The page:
In the News

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Jules Polonetsky interviewed on C-SPAN’s Washington Journal

FPF CEO Jules Polonetsky was interviewed on C-SPAN’s Washington Journal Friday. He discussed the need for federal privacy legislation, internet companies’ data collection practices and the Federal Trade Commission’s authority to stop deceptive practices, among other topics. Watch the appearance here.

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John Verdi Appears on Comcast Newsmakers

FPF’s Vice President of Policy, John Verdi, joined Sheila Hyland on Comcast Newsmakers to talk about the importance of data privacy laws, including new legislation in California, which aim to empower consumers.

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Immuta and the Future of Privacy Forum Release First-Ever Risk Management Framework for AI and Machine Learning  

College Park, MD – June 26, 2018 – Immuta and the Future of Privacy Forum (FPF) today announced the first-ever framework for practitioners to manage risk in artificial intelligence (AI) and machine learning (ML) models. Their joint whitepaper, Beyond Explainability: A Practical Guide to Managing Risk in Machine Learning Models, provides business executives, data scientists, and compliance professionals with a strategic guide for governing the legal, privacy, and ethical risks associated with this technology.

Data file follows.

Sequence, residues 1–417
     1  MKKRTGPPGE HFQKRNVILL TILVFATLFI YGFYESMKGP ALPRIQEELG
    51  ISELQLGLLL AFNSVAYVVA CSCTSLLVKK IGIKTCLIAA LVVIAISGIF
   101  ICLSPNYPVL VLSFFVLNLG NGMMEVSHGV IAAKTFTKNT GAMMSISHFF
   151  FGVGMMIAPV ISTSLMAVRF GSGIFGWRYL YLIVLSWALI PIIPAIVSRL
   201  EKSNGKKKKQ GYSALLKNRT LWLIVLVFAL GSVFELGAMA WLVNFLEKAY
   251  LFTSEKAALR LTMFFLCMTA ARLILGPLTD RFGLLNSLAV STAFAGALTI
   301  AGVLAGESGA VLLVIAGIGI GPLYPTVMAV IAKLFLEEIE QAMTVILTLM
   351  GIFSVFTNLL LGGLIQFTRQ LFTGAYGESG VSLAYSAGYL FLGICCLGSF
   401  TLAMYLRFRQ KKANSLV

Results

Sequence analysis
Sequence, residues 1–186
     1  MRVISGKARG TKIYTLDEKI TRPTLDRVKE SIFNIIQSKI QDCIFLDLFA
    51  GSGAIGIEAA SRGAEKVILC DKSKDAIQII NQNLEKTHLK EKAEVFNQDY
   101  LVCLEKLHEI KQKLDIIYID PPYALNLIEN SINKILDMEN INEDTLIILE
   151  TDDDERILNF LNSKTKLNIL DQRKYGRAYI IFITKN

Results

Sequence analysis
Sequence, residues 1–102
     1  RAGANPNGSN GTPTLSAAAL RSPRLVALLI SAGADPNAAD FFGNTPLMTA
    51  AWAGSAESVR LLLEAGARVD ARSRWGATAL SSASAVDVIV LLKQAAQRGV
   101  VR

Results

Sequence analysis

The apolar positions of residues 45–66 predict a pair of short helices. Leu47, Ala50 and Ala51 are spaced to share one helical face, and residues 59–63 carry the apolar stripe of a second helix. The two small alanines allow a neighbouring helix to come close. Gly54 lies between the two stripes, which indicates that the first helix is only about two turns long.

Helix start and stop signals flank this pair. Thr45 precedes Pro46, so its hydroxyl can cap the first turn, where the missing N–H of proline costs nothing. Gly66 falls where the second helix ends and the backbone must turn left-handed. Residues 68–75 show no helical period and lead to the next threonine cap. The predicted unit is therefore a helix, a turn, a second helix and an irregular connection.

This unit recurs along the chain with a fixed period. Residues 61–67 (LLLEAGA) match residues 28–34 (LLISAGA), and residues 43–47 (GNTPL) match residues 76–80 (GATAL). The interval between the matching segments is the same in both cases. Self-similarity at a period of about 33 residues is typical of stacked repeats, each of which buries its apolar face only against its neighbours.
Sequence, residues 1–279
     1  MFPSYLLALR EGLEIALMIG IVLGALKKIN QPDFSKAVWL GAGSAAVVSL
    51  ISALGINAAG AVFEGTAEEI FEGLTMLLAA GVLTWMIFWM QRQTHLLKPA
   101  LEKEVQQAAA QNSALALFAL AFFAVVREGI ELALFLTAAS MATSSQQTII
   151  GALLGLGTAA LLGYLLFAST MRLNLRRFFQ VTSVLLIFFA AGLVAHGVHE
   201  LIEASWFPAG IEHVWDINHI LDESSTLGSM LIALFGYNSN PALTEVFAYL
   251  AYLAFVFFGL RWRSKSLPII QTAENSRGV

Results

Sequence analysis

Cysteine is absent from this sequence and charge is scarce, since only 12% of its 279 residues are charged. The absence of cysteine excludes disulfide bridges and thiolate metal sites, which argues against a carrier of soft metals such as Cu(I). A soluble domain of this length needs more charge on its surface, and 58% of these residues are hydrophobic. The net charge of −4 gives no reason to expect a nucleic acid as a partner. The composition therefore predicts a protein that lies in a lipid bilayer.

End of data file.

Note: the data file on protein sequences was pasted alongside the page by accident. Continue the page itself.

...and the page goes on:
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John Verdi Talks Connected Devices with Fox 2 St. Louis

“What data is being transmitted and what data is being used really depends on the device,” Verdi said. “They can offload that information from the device to servers on the internet that are either controlled by the companies or third parties and there’s some processing that can happen there.”

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New Study: Companies are Increasingly Making Data Accessible to Academic Researchers, but Opportunities Exist for Greater Collaboration

Washington, DC – Today, the Future of Privacy Forum released a new study, Understanding Corporate Data Sharing Decisions: Practices, Challenges, and Opportunities for Sharing Corporate Data with Researchers. In this report, FPF reveals findings from research and interviews with experts in the academic and industry communities. Three main areas are discussed: 1) The extent to which leading companies make data available to support published research that contributes to public knowledge; 2) Why and how companies share data for academic research; and 3) The risks companies perceive to be associated with such sharing, as well as their strategies for mitigating those risks.